Hi,

In message "[ruby-talk:02609] linux-alpha/ccc / syntax"
    on 00/04/30, Wes Nakamura <wknaka / pobox.com> writes:

|To get ruby 1.4.4 to compile with ccc, in eval.c line 726 in rb_eval's
|prototype, the NODE* must be changed to NODE* volatile; the same for
|line 732 in module_setup.  I believe this is also the case with 1.5.

From unknown reason, ccc does not allow volatile in function
arguments.  The code like below shut up ccc warnings.

  static VALUE
  rb_eval(self, n)
      VALUE self;
      NODE *n;
  {
      NODE * volatile node = n;

|Attempting to load a (shared object) module causes an unaligned trap
|followed by a segmentation violation.  Normally the kernel handles
|unaligned accesses gracefully, but in this case it doesn't.  I've traced
|it to do_entUnaUser in the kernel, which is supposed to handle the
|unaligned accesses, and apparently _dl_relocate_object, which appears to
|be in libc.  (glibc 2.1.1 in this case)

Extensions compiled by gcc seems to work fine.  Ruby compiled by ccc
can load extensions compiled by gcc.  Probably ccc requires some
option to be set to generate dynamic loadable object like -fPIC for
gcc.  Information is welcome.

|Well, now that I've got a working ccc-compiled ruby, is there a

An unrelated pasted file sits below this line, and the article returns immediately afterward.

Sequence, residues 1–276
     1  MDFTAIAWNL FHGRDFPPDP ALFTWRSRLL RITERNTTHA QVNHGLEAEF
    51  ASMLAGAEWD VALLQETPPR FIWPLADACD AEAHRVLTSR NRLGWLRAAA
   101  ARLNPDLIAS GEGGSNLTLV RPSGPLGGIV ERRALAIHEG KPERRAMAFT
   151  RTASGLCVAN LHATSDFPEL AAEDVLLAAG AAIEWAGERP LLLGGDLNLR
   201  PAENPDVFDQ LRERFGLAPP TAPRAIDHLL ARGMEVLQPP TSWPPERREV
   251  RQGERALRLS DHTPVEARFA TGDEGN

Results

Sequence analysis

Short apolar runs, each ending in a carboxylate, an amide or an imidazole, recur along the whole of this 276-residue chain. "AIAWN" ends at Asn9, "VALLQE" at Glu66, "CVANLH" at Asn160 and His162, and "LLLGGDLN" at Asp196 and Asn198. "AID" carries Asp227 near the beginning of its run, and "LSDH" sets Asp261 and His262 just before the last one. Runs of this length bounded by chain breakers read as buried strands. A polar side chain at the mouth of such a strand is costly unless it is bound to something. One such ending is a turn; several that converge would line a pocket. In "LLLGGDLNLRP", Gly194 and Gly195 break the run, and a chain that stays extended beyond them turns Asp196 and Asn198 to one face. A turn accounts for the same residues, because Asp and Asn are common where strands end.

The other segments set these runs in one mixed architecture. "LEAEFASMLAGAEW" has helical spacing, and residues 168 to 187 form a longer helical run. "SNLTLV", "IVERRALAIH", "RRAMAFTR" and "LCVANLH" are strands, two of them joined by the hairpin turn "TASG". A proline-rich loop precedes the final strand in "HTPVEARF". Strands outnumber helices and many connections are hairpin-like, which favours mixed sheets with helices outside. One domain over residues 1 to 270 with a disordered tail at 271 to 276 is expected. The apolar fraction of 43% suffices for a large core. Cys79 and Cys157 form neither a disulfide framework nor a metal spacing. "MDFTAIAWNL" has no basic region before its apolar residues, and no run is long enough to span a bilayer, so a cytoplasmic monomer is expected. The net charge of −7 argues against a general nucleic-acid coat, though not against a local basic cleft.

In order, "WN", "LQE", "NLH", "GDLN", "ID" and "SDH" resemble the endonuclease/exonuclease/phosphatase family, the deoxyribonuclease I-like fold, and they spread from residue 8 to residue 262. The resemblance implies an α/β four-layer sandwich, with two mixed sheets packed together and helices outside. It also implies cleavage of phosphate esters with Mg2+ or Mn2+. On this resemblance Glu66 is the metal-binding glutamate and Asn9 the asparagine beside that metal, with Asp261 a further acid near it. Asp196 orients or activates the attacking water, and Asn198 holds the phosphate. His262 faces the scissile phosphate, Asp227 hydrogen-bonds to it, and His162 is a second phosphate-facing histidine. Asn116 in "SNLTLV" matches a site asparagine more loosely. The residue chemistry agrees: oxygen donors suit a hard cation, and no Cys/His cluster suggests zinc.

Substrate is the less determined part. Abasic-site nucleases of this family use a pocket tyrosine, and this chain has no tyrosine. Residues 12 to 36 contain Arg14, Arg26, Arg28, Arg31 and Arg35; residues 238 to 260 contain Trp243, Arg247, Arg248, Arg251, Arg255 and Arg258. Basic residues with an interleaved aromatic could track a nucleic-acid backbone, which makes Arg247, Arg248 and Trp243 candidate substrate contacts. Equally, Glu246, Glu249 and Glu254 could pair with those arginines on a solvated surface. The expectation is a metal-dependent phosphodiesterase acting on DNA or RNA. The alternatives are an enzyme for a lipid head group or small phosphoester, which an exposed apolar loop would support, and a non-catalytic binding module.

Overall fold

|benchmark (rubystone? - nice name) to compare performance differences
|between the ccc and gcc compiled versions? 

I often use 

  time ./ruby sample/test.rb > /dev/null

I really like to see rubystone though.

|Also, I've got a syntax question.  Using () across multiple lines for
|method calls allows you to continue the parameter list without a \.
|However, it doesn't work for grouping/precedence.

Since parentheses can be used for group sentences, it is valid in
Ruby. 

  (print 5
   print "\n"
   55)

It works line

  begin
   print 5
   print "\n"
   55
  end

Making newlines in parentheses work like Python introduces minor
backward incompatibility.  Although I guess nobody use this syntax.

I think we should disscuss more before changing syntax.

							matz.